• On the left (west) side of the Second Court is the ornate Imperial Council Chamber. The council met here to discuss matters of state, and the sultan sometimes eavesdropped through the gold grille high in the wall. The room to the right showcases clocks from the palace collection.
  • North of the Imperial Council Chamber is the Outer Treasury, where an impressive collection of Ottoman and European arms and armour is displayed.

Third Court

  • The Third Court is entered through the Gate of Felicity. The sultan’s private domain, it was staffed and guarded by white eunuchs. Inside is the Audience Chamber, constructed in the 16th century but refurbished in the 18th century. Important officials and foreign ambassadors were brought to this little kiosk to conduct the high business of state. The sultan, seated on a huge divan, inspected the ambassadors’ gifts and offerings as they were passed through the doorway on the left. Right behind the Audience Chamber is the pretty Library of Ahmet III, built in 1719.
  • On the eastern edge of the Third Court is the Dormitory of the Expeditionary Force, which was closed for restoration at the time of research. When it reopens it will house the palace’s rich collection of imperial robes, kaftans and uniforms worked in silver and gold thread. On the other side of the Third Court are the Sacred Safekeeping Rooms. These rooms, sumptuously decorated with İznik tiles, house many relics of the Prophet. When the sultans lived here, the rooms were opened only once a year, for the imperial family to pay homage to the memory of the Prophet on the 15th day of the holy month of Ramazan. Next to the sacred Safekeeping Rooms is the Dormitory of the Privy Chamber, which houses an exhibit of portraits of 36 sultans. The highlight is a wonderful painting of the Enthronement Ceremony of Sultan Selim III (1789) by Konstantin Kapidagli.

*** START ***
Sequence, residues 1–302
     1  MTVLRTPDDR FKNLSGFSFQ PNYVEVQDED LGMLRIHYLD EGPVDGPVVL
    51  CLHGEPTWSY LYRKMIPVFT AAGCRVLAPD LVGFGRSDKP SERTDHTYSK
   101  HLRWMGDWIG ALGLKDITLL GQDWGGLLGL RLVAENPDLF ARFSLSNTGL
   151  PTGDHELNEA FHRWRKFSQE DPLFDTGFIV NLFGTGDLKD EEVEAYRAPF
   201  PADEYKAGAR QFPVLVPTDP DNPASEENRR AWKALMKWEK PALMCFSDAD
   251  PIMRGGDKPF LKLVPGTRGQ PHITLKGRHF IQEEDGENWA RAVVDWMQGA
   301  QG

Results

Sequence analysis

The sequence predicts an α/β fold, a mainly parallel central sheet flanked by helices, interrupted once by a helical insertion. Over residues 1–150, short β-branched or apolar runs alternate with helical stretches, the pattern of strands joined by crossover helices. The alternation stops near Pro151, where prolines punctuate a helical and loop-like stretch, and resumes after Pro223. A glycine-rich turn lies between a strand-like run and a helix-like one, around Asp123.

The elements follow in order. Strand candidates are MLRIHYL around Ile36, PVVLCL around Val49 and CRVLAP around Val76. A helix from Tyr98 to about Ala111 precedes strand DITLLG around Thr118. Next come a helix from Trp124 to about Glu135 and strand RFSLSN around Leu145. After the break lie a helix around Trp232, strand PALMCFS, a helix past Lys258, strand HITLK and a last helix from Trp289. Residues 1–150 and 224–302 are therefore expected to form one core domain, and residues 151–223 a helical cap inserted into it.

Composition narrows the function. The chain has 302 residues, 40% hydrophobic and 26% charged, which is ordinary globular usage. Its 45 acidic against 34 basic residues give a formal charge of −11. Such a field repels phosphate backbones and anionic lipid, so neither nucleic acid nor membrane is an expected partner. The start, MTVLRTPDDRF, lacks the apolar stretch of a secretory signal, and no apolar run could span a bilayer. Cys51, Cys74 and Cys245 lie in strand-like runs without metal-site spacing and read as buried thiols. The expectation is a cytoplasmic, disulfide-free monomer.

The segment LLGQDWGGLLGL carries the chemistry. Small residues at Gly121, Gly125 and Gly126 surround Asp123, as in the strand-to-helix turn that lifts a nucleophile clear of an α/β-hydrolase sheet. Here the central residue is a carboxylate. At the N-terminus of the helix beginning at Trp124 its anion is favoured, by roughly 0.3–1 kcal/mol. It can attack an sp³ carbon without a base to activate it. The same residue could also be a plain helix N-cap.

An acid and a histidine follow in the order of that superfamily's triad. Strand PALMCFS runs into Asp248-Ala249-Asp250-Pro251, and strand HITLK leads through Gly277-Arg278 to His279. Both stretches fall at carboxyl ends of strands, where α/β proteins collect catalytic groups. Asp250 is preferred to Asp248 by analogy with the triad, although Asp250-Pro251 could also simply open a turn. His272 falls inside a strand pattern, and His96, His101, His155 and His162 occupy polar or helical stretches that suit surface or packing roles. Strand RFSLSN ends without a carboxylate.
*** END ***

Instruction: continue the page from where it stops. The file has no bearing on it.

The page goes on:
Imperial Treasury – “The Topkapı Dagger (17th century)”

  • Located on the eastern edge of the Third Court, Topkapı’s Treasury features an incredible collection of objects made from or decorated with gold, silver, rubies, emeralds, jade, pearls and diamonds. The building itself was constructed during Mehmet the Conqueror’s reign in 1460 and was used originally as reception rooms. It was closed for a major restoration when we last visited. When it re-opens, look out for the jewel-encrusted Sword of Süleyman the Magnificent and the extraordinary Throne of Ahmed I (aka Arife Throne), which is inlaid with mother-of-pearl and was designed by Sedefhar Mehmet Ağa, architect of the Blue Mosque. And don’t miss the Treasury’s famous Topkapı Dagger, object of the criminal heist in Jules Dassin’s 1964 film Topkapı. This features three enormous emeralds on the hilt and a watch set into the pommel. Also worth seeking out is the Kasıkçı (Spoonmaker’s) Diamond, a teardrop-shaped 86-carat rock surrounded by dozens of smaller stones that was first worn by Mehmet IV at his accession to the throne in 1648.